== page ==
8.   The endorsement, denominated “IH12001185T”, after first noting that it “also applies to the Commercial Auto Coverage Part,” defines the named insured “Town of Westbrook” as:  “Westbrook public schools;  Westbrook volunteer fire department;  Westbrook police department (including all elected and appointed officials, members of boards, committees, commissions and agencies, all employees, agents, volunteers and other such representatives while acting within the scope of their duties as such).”

9.   The defendants have not argued that, even if the endorsement applies, the town is not an insured for the purposes of this litigation.

10.   The defendants correctly observe that the court's opinion did not spell out in detail why, in its view, the endorsement was inapplicable.   Although it would have been better practice for the town to have filed a motion for articulation;  see Practice Book § 66-5;  it called the matter to the court's attention in its motion for reargument, which the court denied.

11.   The defendants also rely on judicial admissions arising out of the town's response to the defendants' request for admissions.   The record discloses that the town admitted, inter alia, that Pozzi's claims in arbitration and in the federal court did not name the “School District” as a defendant.A party's response to a request for admission is binding as a judicial admission unless the judicial authority permits withdrawal or amendment thereof.   See Practice Book §§ 13-22, 13-23 and 13-24;  see also C. Tait & J. LaPlante, Connecticut Evidence (2d Ed.1988) § 2.3.3, p. 22.   This court has held that judicial admissions are not automatically conclusive.   See, e.g., Days Inn of America, Inc. v. 161 Hotel Group, Inc., 55 Conn.App. 118, 127, 739 A.2d 280 (1999).In its memorandum of decision, the court did not allude to the admissions that the defendants claim to be conclusive.   We have no way of knowing whether the court exercised its discretion to permit their withdrawal or found them irrelevant to the issues before it.   We therefore lack an adequate record for addressing this argument.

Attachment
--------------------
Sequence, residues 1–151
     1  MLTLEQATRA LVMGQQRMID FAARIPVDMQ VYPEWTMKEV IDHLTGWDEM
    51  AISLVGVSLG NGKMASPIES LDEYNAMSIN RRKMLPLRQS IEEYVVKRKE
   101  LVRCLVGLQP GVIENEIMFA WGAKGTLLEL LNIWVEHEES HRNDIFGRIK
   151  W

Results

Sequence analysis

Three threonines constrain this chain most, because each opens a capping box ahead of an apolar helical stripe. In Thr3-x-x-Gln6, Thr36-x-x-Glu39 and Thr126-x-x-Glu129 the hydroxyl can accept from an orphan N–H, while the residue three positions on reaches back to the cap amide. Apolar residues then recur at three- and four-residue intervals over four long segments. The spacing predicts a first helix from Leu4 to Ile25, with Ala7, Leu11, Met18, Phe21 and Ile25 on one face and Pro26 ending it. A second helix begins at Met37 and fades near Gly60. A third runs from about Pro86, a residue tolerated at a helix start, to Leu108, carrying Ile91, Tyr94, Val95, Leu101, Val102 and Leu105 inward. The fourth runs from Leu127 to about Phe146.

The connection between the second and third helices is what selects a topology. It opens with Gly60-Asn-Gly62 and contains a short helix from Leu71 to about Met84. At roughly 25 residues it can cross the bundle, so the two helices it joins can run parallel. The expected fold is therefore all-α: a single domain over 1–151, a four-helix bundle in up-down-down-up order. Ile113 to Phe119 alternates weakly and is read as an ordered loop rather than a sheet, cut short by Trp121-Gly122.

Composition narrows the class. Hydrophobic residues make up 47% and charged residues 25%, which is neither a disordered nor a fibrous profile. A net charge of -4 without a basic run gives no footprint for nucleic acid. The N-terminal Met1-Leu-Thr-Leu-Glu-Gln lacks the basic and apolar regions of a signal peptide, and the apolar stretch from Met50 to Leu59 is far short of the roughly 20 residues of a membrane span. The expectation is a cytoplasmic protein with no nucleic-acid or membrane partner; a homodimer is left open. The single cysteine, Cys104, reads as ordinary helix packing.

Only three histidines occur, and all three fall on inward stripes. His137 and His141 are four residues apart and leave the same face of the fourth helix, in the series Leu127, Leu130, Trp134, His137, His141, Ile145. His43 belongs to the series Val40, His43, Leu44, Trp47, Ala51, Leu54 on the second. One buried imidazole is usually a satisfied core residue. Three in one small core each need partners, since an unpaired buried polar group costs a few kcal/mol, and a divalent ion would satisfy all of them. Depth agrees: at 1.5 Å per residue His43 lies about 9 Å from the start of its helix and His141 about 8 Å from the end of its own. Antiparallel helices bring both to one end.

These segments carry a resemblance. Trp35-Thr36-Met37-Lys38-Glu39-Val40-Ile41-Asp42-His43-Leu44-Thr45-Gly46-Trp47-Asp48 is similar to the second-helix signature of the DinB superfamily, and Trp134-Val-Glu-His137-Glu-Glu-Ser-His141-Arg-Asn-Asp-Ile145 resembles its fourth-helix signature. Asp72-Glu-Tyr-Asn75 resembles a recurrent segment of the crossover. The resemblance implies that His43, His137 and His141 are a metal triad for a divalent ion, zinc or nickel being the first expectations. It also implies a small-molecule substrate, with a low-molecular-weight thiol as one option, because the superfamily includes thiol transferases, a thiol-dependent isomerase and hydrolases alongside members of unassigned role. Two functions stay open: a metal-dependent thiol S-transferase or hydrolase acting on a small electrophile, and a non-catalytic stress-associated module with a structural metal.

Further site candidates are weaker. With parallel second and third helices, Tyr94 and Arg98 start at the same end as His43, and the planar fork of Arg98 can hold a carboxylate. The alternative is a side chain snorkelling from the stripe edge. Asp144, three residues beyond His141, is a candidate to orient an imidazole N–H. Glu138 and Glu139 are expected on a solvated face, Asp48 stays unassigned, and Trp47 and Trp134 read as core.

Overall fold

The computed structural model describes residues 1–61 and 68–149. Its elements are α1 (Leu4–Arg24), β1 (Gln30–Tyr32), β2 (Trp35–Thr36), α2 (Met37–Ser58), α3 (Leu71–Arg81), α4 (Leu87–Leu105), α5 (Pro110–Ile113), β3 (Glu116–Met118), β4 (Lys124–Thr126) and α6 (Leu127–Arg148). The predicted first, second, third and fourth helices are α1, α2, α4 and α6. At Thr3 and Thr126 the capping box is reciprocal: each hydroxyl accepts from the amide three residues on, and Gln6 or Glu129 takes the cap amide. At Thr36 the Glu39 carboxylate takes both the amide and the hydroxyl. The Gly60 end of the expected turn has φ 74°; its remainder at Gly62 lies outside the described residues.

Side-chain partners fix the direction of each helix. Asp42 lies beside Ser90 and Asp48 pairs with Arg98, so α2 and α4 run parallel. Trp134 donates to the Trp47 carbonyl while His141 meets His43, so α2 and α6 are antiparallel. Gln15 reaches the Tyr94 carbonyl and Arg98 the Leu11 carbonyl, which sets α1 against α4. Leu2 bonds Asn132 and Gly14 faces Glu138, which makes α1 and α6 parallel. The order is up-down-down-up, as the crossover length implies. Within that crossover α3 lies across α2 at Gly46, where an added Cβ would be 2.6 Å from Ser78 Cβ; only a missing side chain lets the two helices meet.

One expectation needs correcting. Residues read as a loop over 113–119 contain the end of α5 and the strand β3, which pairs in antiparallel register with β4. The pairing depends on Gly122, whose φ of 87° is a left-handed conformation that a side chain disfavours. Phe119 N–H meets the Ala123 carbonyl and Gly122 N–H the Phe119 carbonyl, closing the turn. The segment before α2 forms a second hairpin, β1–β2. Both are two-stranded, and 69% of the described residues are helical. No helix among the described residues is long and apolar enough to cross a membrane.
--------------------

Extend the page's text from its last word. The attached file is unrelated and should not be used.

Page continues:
12.   The record does not reveal, and the parties have not explained, what relevance the Commercial Auto Policy had to the Multiflex Policy that the town purchased.

13.   In support of its right to appeal before the trial has commenced, the town cites Miles v. Foley, 54 Conn.App. 645, 647, 736 A.2d 180 (1999), aff'd, 253 Conn. 381, 752 A.2d 503 (2000), and Prishwalko v. Bob Thomas Ford, Inc., 33 Conn.App. 575, 589, 636 A.2d 1383 (1994).   These precedents are, however, distinguishable, because neither allowed an immediate appeal in the face of unresolved substantive issues that were not addressed, on their merits, in the trial court's decision denying summary judgment.   If all pretrial denials of summary judgment were appealable, appealability would become the general rule and not the exception.   That is not our law.   See C. Tait & E. Prescott, Connecticut Appellate Practice and Procedure (3d Ed.2000) § 3.9(c), p. 94.


In this opinion the other judges concurred.

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Docket No: No. 20451.

Decided: November 21, 2000

Court: Appellate Court of Connecticut.